In Italy, where beauty never takes a back seat, there is a phrase used to describe this country-wide devotion to grace and class: La Bella Figura. The phrase was invented by Sophia Loren…ok it wasn’t, but it might as well have been (I mean, who gets off a airplane with no wrinkles?!?) It technically translates to “the beautiful figure” and describes a way of life and a system of etiquette innately understood by all Italians. It tells you how to look and how to behave in particular circumstances (i.e. with class). It means basically that your barista will often be better dressed than you and at least as well dressed as the cop and bus driver sipping on the café he just made them. It means that the woman riding a bicycle in high heels will never fall and if she does, someone will catch her. But it also means “looking good” socially. It is why the word awkward doesn’t exist in the Italian language or the Italian mentality (I have tried to explain it many times, it is not easy.)
When I first arrived, I was making all kinds of brutte figure (the opposition of the bella figura) all over the place. Sadly, there is no book or guide you can buy. You just have to watch and learn. Preferably while no one is else is looking. This blog series is here to help you not make the same mistakes I did; a cheat sheet of sorts. But let’s be honest, I am still brutta figur-ing it all over the place.
No one is perfect.
Except Sophia Loren, apparently.
Lesson 1: How to toast in Italy
Generally speaking, at the start of a night of festivities, or any night at all really, you should begin with an aperitivo. This could be a glass of sparking wine, prosecco, or, the latest craze, uno spritz. The glasses are very cheers-able, so it’s hard to not feel the urge. When you do finally give into that urge to fare un brindisi, be sure to:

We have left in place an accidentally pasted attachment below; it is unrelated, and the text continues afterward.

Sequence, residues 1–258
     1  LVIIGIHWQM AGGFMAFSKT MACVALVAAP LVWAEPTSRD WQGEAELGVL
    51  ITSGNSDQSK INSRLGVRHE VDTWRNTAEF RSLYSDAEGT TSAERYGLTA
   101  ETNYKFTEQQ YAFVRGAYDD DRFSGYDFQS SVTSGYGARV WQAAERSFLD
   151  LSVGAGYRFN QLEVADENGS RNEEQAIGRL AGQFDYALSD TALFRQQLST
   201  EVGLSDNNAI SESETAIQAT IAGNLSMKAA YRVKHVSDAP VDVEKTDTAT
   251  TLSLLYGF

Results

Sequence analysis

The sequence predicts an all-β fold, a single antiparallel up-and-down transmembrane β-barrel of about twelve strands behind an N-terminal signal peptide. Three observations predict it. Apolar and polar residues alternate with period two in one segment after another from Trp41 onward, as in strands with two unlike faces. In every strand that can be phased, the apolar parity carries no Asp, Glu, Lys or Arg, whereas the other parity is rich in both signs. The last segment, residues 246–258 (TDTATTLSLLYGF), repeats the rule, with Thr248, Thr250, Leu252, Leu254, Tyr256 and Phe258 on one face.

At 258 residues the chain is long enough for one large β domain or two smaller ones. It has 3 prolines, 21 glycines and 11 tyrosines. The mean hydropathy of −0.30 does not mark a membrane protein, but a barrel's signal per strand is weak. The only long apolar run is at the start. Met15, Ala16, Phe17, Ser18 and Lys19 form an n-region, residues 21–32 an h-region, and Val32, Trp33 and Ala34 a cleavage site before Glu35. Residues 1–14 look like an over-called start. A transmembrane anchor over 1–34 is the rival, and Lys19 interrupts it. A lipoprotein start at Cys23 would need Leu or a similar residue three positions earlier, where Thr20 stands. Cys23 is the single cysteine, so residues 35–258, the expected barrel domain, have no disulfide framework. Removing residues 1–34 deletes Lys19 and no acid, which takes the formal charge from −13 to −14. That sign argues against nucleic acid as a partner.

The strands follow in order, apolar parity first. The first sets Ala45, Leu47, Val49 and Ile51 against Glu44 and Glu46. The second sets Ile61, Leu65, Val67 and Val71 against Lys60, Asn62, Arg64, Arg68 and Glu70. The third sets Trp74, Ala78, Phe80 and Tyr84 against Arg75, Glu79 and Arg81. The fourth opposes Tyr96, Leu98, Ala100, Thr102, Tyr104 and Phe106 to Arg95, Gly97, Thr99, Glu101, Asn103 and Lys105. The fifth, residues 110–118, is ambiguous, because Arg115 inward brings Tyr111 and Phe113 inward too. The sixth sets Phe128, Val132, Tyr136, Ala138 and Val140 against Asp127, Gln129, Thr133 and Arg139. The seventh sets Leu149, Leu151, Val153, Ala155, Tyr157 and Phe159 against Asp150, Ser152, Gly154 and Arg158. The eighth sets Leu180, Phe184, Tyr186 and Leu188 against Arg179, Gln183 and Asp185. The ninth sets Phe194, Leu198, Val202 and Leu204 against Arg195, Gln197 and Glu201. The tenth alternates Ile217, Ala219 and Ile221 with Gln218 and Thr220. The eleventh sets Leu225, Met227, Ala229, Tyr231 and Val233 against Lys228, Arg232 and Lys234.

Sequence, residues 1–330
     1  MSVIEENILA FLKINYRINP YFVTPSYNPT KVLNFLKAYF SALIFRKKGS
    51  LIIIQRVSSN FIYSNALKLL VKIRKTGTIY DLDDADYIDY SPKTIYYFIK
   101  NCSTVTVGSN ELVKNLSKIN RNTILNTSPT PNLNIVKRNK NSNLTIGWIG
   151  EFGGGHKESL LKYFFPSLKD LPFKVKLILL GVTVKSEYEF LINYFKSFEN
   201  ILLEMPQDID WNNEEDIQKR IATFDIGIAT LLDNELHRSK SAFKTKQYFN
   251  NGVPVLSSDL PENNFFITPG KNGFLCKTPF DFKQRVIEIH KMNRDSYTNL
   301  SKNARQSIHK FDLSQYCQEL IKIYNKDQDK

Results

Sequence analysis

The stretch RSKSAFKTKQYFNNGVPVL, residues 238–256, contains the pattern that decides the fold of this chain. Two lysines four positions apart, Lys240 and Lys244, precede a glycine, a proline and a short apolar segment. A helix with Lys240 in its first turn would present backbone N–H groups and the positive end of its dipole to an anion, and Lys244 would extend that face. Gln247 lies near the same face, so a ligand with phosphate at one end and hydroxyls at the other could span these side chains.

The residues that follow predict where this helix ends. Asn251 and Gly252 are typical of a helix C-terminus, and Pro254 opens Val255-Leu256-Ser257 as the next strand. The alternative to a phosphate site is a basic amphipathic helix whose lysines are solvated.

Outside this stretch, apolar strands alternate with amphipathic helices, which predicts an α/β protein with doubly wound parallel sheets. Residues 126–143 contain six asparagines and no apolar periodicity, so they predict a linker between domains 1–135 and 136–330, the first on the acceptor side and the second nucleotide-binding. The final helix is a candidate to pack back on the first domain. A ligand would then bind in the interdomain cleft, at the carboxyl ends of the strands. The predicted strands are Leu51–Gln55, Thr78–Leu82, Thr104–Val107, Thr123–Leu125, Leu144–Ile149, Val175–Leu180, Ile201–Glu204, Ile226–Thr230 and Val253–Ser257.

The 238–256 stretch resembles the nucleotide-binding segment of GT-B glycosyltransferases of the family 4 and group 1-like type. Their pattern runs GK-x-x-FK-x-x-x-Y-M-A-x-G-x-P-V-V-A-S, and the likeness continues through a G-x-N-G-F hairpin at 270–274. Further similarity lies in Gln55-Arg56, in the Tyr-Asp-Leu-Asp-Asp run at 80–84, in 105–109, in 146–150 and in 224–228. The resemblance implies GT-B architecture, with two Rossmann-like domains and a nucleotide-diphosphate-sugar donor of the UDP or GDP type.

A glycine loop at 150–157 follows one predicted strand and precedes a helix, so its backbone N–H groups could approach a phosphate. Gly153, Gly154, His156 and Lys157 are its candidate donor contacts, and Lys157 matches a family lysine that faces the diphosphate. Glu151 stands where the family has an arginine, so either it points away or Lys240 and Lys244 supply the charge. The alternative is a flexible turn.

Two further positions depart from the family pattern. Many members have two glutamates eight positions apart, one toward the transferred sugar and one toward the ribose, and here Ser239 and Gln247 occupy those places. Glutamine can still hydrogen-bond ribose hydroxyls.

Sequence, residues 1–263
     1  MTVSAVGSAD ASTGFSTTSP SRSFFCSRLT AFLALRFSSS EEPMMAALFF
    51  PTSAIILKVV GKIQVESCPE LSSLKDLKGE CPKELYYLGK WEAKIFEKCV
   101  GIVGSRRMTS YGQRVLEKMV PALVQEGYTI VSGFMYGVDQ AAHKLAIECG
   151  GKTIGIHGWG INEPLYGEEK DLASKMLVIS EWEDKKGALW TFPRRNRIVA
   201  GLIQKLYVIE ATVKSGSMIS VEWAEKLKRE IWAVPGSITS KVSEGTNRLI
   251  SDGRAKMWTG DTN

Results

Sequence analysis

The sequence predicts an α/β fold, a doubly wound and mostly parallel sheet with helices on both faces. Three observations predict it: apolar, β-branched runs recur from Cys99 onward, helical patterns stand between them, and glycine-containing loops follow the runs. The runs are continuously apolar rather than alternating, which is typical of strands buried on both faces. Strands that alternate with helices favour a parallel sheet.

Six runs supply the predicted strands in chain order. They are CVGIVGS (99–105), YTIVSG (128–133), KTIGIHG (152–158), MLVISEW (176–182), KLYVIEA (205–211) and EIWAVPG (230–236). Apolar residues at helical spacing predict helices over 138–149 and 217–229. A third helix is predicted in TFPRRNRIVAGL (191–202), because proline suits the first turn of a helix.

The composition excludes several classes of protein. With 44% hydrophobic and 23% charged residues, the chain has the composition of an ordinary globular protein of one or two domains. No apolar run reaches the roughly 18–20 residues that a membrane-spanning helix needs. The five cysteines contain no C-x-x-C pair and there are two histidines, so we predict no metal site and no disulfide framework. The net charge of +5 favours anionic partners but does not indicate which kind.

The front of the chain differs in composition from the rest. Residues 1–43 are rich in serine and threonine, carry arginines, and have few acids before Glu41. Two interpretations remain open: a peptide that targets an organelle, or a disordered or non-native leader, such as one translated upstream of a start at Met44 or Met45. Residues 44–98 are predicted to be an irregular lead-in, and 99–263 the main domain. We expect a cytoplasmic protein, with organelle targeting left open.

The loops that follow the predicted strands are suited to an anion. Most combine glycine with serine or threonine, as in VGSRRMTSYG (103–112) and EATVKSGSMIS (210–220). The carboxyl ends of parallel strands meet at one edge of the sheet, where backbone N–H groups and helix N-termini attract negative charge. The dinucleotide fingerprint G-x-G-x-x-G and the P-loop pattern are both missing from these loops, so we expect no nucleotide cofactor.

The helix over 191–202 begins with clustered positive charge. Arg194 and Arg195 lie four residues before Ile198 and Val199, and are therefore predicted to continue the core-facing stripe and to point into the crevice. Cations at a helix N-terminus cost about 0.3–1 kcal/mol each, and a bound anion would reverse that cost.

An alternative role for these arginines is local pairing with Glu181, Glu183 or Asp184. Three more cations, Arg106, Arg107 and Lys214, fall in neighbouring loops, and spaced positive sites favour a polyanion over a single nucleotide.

1. Lift your glass and look at your companions so as to be clear that you are beginning a toast (this will be sure to keep anyone from taking their first sip and getting a mouth full of glass when you go in for the early and nervous “cheers!”)
2. Move in delicately with your glass, making a clear movement in one direction, either clockwise or counterclockwise.
3. This is key: keep eye contact at all time (see diagram below)
4. As your glass meets with that of your companion’s, say “Cin cin!” (chin-chin)
5. Take a sip
6. Put your glass down
Failure to follow steps 1, 2 and 6 can be forgiven, but steps 3 through 5 are essential. If you fail to keep eye contact with your companions while also not breaking the glass in your inevitably awkward gestures, it is considered bad luck. I can’t remember what the bad luck is but it is REALLY bad. It may be no mozzarella for seven years. I can’t think of anything worse, so that must be what it is. Anyhoo. I am so glad you have this down now.
Good luck at your next aperitivo, and remember, fare una bella figura!
Special thanks to Brooke and Isabella for showing us how it’s done!